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Posted at 8:28 AM ET, 01/20/2011

Rethinking the OSS and CIA

By Jeff Stein

It doesn't seem all that long ago that *le tout Washington* was crying for the CIA to be demolished and replaced by an updated version of the OSS, our World War II spying and dirty tricks service.

The idea, accelerated by the Sept. 11, 2001, attacks, was that the CIA had grown too bloated, comfortable and cautious over the 40 years since it moved into its new headquarters in Langley, Va. The challenge thrown down by al-Qaeda, it was said, called for a far smaller, nimble, can-do organization, as presidential candidate John McCain put it, that would fight terrorist subversion across the world and in cyberspace.

But a few hours spent with Douglas Waller's forthcoming and lively new book, "Wild Bill Donovan: The Spymaster Who Created the OSS and Modern American Espionage," should cure that. As Waller and a number of other authors before him have discovered, the forerunner of the CIA was every bit as bewitched, beleaguered and befogged for much of its brief existence as its successor has too often been.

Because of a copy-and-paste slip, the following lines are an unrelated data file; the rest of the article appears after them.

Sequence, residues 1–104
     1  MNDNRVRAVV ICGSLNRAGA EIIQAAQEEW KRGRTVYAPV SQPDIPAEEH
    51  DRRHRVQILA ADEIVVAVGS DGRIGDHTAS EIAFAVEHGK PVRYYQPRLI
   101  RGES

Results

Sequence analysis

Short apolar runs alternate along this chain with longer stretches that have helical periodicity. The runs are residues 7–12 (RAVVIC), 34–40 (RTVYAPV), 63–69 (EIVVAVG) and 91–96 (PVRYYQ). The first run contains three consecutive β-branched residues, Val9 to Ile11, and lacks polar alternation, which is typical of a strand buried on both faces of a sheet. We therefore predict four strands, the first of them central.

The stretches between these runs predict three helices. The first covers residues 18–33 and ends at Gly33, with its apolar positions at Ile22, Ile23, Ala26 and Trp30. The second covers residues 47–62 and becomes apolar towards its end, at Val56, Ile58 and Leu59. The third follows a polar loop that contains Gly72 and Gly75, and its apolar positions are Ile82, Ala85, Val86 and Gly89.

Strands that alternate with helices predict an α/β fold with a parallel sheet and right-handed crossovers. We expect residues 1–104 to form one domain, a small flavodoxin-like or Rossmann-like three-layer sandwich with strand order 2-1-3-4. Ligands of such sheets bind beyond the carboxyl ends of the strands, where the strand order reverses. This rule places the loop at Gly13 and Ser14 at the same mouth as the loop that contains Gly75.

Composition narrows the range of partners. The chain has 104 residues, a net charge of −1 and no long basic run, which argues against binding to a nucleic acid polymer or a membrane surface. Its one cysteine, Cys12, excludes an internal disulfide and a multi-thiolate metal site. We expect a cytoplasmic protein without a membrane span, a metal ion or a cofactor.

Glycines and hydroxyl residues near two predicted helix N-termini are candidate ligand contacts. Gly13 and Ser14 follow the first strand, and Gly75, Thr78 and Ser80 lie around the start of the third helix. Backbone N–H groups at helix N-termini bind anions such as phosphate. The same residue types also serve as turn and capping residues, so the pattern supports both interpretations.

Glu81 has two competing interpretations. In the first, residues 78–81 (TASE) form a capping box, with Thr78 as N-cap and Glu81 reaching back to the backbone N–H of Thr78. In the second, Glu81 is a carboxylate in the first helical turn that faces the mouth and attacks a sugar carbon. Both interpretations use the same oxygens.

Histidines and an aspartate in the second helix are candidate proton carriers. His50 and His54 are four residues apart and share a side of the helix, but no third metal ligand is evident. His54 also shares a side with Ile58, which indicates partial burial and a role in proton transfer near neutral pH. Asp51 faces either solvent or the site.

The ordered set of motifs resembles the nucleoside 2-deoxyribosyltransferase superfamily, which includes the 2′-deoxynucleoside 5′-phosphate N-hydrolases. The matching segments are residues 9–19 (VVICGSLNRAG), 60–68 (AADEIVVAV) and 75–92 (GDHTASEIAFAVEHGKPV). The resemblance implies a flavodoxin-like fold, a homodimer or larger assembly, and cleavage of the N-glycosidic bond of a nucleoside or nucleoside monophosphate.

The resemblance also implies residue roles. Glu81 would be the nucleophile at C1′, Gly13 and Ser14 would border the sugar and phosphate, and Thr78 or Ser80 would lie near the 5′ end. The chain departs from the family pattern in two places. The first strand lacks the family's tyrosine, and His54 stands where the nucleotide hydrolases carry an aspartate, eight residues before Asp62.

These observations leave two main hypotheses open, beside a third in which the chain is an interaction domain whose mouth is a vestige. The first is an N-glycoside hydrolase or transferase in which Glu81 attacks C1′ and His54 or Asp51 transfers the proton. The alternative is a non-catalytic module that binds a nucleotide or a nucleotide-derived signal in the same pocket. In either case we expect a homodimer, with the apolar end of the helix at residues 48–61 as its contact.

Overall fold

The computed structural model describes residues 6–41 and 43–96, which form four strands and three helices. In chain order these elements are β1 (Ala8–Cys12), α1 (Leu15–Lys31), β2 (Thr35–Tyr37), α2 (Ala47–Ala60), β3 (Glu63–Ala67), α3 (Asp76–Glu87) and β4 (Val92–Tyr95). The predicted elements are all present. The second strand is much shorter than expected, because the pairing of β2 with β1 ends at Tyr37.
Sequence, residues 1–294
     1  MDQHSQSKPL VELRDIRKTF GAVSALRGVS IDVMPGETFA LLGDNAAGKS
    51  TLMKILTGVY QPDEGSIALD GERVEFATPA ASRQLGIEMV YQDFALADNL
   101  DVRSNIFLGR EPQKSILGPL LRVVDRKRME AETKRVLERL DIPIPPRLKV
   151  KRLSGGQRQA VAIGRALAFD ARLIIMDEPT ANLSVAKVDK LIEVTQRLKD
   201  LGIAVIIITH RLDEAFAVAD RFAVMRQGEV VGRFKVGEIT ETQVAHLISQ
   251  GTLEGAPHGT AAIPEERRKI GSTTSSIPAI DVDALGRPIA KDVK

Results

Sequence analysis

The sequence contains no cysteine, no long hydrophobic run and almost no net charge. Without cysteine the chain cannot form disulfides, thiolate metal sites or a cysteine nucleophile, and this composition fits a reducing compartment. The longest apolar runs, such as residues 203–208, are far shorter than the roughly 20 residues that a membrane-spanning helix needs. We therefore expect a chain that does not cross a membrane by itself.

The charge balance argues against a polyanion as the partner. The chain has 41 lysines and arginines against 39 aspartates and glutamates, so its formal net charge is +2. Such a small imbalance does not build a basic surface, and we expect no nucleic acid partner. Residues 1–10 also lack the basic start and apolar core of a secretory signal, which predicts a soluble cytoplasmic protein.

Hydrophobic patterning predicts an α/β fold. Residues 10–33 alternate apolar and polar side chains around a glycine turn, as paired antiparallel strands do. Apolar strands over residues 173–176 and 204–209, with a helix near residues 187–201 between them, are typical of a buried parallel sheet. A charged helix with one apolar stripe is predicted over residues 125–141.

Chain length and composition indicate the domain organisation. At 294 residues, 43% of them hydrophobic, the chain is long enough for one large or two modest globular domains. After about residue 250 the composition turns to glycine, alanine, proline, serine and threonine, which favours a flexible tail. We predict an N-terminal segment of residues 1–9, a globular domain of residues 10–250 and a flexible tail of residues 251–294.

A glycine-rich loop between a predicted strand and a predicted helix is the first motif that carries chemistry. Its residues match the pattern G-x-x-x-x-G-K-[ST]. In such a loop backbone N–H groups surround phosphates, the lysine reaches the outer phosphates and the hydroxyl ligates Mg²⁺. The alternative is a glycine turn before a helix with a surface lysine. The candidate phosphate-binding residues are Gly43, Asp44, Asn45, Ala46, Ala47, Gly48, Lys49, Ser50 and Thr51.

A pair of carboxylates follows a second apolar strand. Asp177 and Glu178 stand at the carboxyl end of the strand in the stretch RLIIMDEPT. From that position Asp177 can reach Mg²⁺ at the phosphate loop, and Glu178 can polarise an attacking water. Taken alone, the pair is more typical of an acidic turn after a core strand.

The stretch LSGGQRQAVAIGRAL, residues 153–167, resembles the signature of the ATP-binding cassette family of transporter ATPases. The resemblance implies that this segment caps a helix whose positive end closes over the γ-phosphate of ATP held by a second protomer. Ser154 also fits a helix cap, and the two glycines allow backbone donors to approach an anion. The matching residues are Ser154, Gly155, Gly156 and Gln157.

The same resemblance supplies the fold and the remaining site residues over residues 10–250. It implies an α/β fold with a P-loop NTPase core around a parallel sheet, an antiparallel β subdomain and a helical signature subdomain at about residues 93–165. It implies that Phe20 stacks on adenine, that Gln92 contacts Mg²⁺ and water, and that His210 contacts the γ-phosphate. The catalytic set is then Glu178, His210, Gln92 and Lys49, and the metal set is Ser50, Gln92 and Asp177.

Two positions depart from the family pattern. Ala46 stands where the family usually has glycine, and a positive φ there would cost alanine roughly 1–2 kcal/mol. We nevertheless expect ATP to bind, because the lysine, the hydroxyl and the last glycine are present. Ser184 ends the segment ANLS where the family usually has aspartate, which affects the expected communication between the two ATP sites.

Not that Waller, a respected former foreign and diplomatic correspondent for Newsweek and Time, set out to take down the Donovan's OSS, a subject that has already been tackled at least a half-dozen times in serious fashion and many times more that in fanciful memoirs. Indeed, Waller clearly, and rightly, finds much to admire about the OSS, its eclectic corps of brave and imaginative agents and of course, Donovan, the Wall Street lawyer whose dedication and perseverance in winning the war was emblematic of his generation.